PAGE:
Newsom And California’s Homeless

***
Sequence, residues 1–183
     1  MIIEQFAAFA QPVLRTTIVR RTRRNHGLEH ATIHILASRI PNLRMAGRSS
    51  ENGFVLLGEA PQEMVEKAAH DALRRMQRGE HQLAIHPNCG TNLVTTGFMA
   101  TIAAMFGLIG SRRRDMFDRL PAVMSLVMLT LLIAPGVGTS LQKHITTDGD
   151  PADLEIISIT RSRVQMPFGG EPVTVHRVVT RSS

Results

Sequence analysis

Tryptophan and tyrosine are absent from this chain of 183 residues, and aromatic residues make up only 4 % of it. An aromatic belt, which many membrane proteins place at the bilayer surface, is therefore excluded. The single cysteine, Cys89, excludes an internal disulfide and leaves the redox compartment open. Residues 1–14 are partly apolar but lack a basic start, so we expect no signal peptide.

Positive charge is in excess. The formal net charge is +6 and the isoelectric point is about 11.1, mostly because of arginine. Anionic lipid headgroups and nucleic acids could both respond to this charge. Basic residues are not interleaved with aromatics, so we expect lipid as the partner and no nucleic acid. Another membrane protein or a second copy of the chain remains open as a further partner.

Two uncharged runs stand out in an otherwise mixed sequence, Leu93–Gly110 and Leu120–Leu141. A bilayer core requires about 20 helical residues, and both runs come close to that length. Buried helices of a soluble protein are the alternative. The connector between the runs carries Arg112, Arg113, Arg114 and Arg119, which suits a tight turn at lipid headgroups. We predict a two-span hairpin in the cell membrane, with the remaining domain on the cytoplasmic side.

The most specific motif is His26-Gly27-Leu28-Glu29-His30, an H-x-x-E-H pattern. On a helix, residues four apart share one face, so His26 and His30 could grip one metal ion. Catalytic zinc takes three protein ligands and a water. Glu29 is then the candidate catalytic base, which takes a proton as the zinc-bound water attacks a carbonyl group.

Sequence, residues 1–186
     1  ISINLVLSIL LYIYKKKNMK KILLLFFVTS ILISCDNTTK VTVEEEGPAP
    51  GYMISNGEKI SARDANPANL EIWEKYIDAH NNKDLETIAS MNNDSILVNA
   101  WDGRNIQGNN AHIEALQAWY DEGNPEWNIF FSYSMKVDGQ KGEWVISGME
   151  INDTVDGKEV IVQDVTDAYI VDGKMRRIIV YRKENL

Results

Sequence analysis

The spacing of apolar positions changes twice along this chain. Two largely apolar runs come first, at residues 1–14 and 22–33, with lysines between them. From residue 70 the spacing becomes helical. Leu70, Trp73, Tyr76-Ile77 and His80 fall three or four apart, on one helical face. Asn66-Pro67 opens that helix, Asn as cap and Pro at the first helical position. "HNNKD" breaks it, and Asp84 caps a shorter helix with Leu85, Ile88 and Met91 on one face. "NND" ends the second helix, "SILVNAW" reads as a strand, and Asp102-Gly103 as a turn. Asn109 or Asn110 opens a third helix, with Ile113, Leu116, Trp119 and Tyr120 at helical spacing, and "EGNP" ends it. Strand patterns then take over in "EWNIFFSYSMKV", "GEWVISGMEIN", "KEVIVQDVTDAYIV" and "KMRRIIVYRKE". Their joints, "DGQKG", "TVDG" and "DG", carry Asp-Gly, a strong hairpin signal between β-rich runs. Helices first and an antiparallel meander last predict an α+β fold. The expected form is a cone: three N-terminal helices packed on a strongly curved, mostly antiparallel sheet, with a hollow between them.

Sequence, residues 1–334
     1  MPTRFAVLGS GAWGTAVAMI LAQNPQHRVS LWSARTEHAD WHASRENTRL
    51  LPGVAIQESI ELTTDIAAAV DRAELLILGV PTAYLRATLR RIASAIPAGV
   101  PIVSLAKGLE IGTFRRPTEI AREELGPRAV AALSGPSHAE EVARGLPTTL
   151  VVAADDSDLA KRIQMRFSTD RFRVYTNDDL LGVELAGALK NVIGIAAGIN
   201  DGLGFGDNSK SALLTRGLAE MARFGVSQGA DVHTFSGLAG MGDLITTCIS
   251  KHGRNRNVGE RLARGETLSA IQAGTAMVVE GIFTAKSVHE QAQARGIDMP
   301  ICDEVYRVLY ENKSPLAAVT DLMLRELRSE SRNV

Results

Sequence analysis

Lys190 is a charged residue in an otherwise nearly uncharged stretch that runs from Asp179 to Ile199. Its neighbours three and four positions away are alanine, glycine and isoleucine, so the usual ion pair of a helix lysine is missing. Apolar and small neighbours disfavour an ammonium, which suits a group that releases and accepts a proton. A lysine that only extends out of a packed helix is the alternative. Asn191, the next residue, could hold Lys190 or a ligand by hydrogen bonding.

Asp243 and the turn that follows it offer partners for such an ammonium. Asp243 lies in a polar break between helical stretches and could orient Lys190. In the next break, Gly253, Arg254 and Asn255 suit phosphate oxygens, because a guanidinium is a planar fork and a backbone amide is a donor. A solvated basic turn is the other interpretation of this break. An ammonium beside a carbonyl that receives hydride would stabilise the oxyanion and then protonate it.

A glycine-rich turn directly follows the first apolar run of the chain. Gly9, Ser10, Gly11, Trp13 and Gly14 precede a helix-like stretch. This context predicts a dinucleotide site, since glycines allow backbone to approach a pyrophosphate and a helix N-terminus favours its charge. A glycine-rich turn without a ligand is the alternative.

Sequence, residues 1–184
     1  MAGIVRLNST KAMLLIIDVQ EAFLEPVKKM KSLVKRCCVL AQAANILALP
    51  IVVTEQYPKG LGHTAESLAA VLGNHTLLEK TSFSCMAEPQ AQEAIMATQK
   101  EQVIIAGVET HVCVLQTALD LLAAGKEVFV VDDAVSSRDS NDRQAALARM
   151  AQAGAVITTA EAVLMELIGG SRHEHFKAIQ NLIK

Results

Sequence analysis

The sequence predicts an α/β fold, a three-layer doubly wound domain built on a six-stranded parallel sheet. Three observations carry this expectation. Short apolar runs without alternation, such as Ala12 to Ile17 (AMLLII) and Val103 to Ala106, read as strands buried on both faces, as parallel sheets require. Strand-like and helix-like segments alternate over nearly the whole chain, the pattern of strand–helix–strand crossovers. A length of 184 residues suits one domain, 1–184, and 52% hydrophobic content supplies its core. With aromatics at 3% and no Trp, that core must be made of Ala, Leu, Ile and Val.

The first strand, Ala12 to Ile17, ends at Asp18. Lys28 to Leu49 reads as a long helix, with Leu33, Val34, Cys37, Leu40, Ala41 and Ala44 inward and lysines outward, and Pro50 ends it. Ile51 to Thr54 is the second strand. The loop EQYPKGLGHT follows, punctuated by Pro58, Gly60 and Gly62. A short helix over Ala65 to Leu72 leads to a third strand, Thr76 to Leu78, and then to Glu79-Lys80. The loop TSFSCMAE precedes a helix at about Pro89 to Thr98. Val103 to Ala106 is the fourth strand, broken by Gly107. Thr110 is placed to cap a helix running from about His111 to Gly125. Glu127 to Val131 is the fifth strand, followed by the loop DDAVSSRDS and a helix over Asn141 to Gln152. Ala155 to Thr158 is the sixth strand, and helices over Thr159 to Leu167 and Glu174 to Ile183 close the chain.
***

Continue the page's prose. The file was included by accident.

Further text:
Good Morning, I’m Annica Colbert….it’s Wednesday, January 27th. Governor Newsom’s Record On The Homelessness Crisis. We’ll have that Next, But first... let’s do the headlines…. On tuesday, state health officials revealed a new plan and a website that they hope will address frustrations about the slow pace of COVID-19 vaccine distribution. The website is called MyTurn, and it shows Californians when they can get the vaccine. The site will also eventually be used to schedule vaccinations. Officials also announced plans to build a statewide vaccination network. Meanwhile, in San Diego, county health officials reported more than 1400 new coronavirus cases and 46 additional deaths. The San Diego City Council on Tuesday approved yet another eviction moratorium for residents and businesses suffering under the COVID-19 pandemic. Past eviction moratoriums came with an expiration date that kept getting pushed back as the pandemic dragged on. The measure approved Tuesday has no fixed end date, and instead will expire 60 days after the local state of emergency is lifted. It’ll be dry weather today, but another storm is expected to move through San Diego on Thursday night lasting through Friday and possibly into Saturday. Forecasters say the storm on thursday night could be a thunderstorm with heavy rainfall. From KPBS, you’re listening to San Diego News Now. Stay with me for more of the local news you need. Governor Gavin Newsom has made bold promises to solve homelessness, and thousands of people have been sheltered under his watch. But advocates wonder if the early success will last? As part of our series on the governor’s midterm progress this week, Cap Radio’s Chris Nichols reports. Past California governors largely ignored California’s homelessness crisis. Newsom has tried to tackle the problem head on. 03Newsom: “I don’t think homelessness can be solved. I know homelessness can be solved.” (:06) Newsom devoted nearly all of last year’s State of the State Address to this ongoing human emergency. 01Newsom: This is our cause. This is our calling. Let us rise to the challenge and make California stand as an exemplar of what true courage and compassion can achieve. Let's get to work. (:22) In some ways, he has delivered: Newsom has worked with state lawmakers to invest billions of dollars in housing, rental assistance and health services for homeless people. Last year, his team searched the state for excess land and even vacant hospitals to use as shelters. This spring, he won praise for moving more than 22 thousand homeless people into motel rooms... all to prevent major outbreaks of COVID-19 …The effort, called Project Roomkey, largely worked. 08Curtis: “Being inside, it means a lot to me. It does. I feel safe. I’m safe, I’m secure.” (:06) That’s 65-year-old Curtis Freeman who was on the streets of Sacramento for nearly a year. He lived in a tent under a freeway … and often afraid for his life... Then in March he got a motel room through Roomkey. Standing outside his motel near Interstate 5, wearing a black and white beanie, Freeman says …he’s no longer afraid. 07Curtis: “I ain’t got to worry about nobody coming in. I can lay down and relax.” (:04) But despite Newsom’s efforts, the crisis remains. Homeless camps line sidewalks, riverbanks and freeways across the state. An estimated 150 thousand Californians are without a home, … according to the most recent federal survey. This summer, to build on the progress of Roomkey, Newsom introduced Project Homekey. The new effort awarded 800 million dollars to cities and counties to buy motels ... for more permanent homeless housing. But some of Newsom’s critics say without providing more services, homeless programs like Roomkey and Homekey just serve to score more political points. 01Gatto: “That results in leaders patting themselves on the back and checking another box.” Former state lawmaker Mike Gatto, a Democrat from Los Angeles, says Newsom’s policies need to have a greater emphasis on mental health treatment so that people are more self-sufficient. 02Gatto: “But in reality, the people are not given the support that they need or, frankly, the tough love that they need. Then they wind up back on the street.” (:11) Newsom says mental health support is on its way … as part of the nearly 2 billion dollars he wants to spend on homelessness in his January budget. Jennifer Friedenbach of the Coalition on Homelessness in San Francisco says Newsom deserves credit for his early actions as governor. But she and others who work with the unhoused say the state needs a permanent source of funding for homelessness. 01Jennifer: “I would give him good marks for focusing on homelessness, but he’s really tinkering around the edges and needs to go much farther. You know, bring in additional revenue in order to address the situation at the scale that the crisis calls for.” (:15) Friedenbach, who has known Newsom since his time in local government in San Francisco, says he’s always had bold ideas. She says the question now is whether he can follow through and truly solve this growing crisis. That story from Cap Radio’s Chris Nichols. Tomorrow we’ll bring you a look at Newsom’s efforts to modernize the state government. You can read more about the series at CAP-RADIO-DOT-ORG-SLASH-NEWSOM. SAN DIEGO COUNTY SUPERVISORS LIFTED A NEARLY QUARTER CENTURY BAN ON NEEDLE EXCHANGES ON TUESDAY. KPBS HEALTH REPORTER TARRYN MENTO EXPLAINS THE SERVICES THAT PROVIDE CLEAN SYRINGES TO DRUG USERS also CONNECT PEOPLE TO TREATMENT. The services will be part of a substance use harm reduction plan that’ll include other strategies like handing out emergency overdose medication and HIV and Hepatitis C testing. Dr. Christian Ramers of Family Health Centers of San Diego told the board incorporating the services can significantly cut rates of HIV and Hep C. But he also pointed to one Seattle study that showed people who used needle programs were five times more likely to enter recovery programs. “Syringe service programs are designed to give people an off-road from a highway of chaotic drug use that they can’t get off of. How are you going to engage this population, get them into treatment if you don’t meet them where they are?” The California Department of Public Health, the CDC and the World health Organization endorse syringe exchange programs. San Diego County staff will present a harm reduction plan that includes syringed services within 90 days. California’s substitute teacher shortage has been made worse by the pandemic. KPBS North County reporter Jacob Aere says a North County nonprofit is rallying parents to help solve the problem. The Parent Association of North County San Diego wants to safely put parents in the classroom as temporary substitute teachers. They'd act as classroom supervisors for grades K through 12 as needed. April Mosebrook is a Torrey Pines High School parent who has started the process to become a substitute teacher. “We believe that with the advent of the vaccines and now that we've learned ways to safely distance and have kids wear masks and take those safety precautions, we just want them back in school, in a safe and healthy way overall.” There are currently 60 parents who are working to get an emergency 30-day substitute teaching permit. THE FIRST FEMALE MARINE RECRUITS TOUCHED DOWN IN SAN DIEGO MONDAY NIGHT. KPBS MILITARY REPORTER STEVE WALSH SAYS ALONG WITH THEIR OWN TRAINING, THEY WILL TEST WHETHER SAN DIEGO IS PREPARED FOR BASIC TRAINING INTEGRATION. They arrived after dark, in weather unusually cold and windy for San Diego. The first female Marine recruits to train on the west coast. Until Monday, all female recruits trained on the east coast. Congress is requiring the Marines to fully integrate women into boot camp. 18 year old Tsunami Smith’s mother was a Marine. She understands the significance. “It’s exciting, because I know it’s a big step..I know it’s a big step for the Marine Corps and it feels like an honor to be one of the first girls to be able to go.” After grabbing their gear, the 60 female recruits were sent to hotel rooms for two weeks - a new step designed to keep COVID out of boot camp. After that, they will meet their drill instructors and start the formal process of becoming a Marine. Coming up….It’s now been a week since President Biden ordered that construction stop at border wall along the southern border….and now opponents of the border wall in San Diego County are taking stock of what’s to come. We’ll have that story next, just after the break. Today, contractors and government workers building the border wall along America’s southwest border must stop all work… the halt ordered by President Biden. KPBS reporter Max Rivlin-Nadler gives us a look at where things now stand in San Diego County. Over 25 miles of 30-foot high Border Wall replacements were built by the Trump administration along the border in San Diego county during the past two years…. As of last week, work in several areas, including the Otay Mountain wilderness, was ongoing…. On his first day in office, President Biden ended a declared national emergency on the border….. and gave construction workers along the border one week to wrap up their work… and leave it in a safe condition… while his administration reviews the entire border wall project…. Workers had just begun preparing to tear down mesh fencing at Friendship Park, right near the pacific ocean…. For another thirty-foot high replacement project…. Something advocates for the park had been rallying against for months… Many advocates didn’t expect the Biden administration to take such immediate action along the border…. John Fanestil is with the Friends of Friendship Park. 4:40 President Biden had said not another foot of wall would be built on his watch, so that led us to hope there would be this immediate halt. We’re pleasantly surprised that actually happened. Elsewhere on the border in San Diego, members of the Kumeyaay nation continued their protests against wall construction…. They filed a lawsuit over the summer saying the government skipped necessary reviews into whether construction would destroy their cultural heritage sites….as it continued to build the wall near Campo. Stan Rodriguez is a member of the Kumeyaay nation who protested against the wall this weekend. 2:30 To me it seemed like an edifice for that was created for white hegemony and also xenophobia. It marginalizes native people because it completely discounted the rights we have on the border. Biden’s order stops all construction, regardless of whether the money was appropriated specifically for wall construction….. Or if it was redirected by the Trump administration to the border wall from the budget of the Department of Defense. Multiple judges have ruled that Trump’s move was illegal…. But border wall construction proceeded anyway…. As of this Tuesday, construction had halted at projects across San Diego county…..That gives groups like the Friends of Friendship Park a last minute reprieve to try to stop a project that would replace border fencing that’s only a decade old….. Robert Vivar, who was deported from the US and works with Friends of Friendship Park from the Mexico side, thinks this is a great opportunity to reassess both the Border Wall project and the future of shared spaces along the border. 7:20 This would be an opportunity for a dialogue to start regarding similar binational parks all along the border to really look at creating security along the border through friendship of both countries. A 60-day review of the border wall project will determine what’s to be done with the money appropriated to the border wall…. And whether to resume or terminate projects…. The administration hasn’t made clear whether its pledge not to construct more border wall includes replacement projects…. Iike most of the construction done in San Diego county under the Trump administration. Pedro Rios is a steering committee member of the Southern Border Communities Coalition. 6:05 PEDRO RIOS: These replacement project are incredibly devastating to the environment. It’s not a simple replacement, it’s the construction of an entirely new and damaging infrastructure….. They should focus instead on tearing this wall down. The biden administration did not respond to a request for comment from KPBS on its plans for the border wall and whether it would continue with replacement projects…..or consider taking some walls down. For groups opposing the border wall, like the Kumeyaay, the path for the Biden administration is clear, says Stan Rodriguez. 10:00 The prior administration broke many of its own laws to put this edifice up. No wall stops people. There’s other solutions to this. A great person like a great country keeps their word. Keep your word. Stop it. Make things right. That story from KPBS’ MAx Rivlin-Nadler That’s it for the podcast today. Be sure to catch KPBS Midday Edition At Noon on KPBS radio, or check out the Midday podcast. You can also watch KPBS Evening Edition at 5 O’clock on KPBS Television, and as always you can find more San Diego news online at KPBS dot org. I’m Annica Colbert. Thanks for listening and have a great day.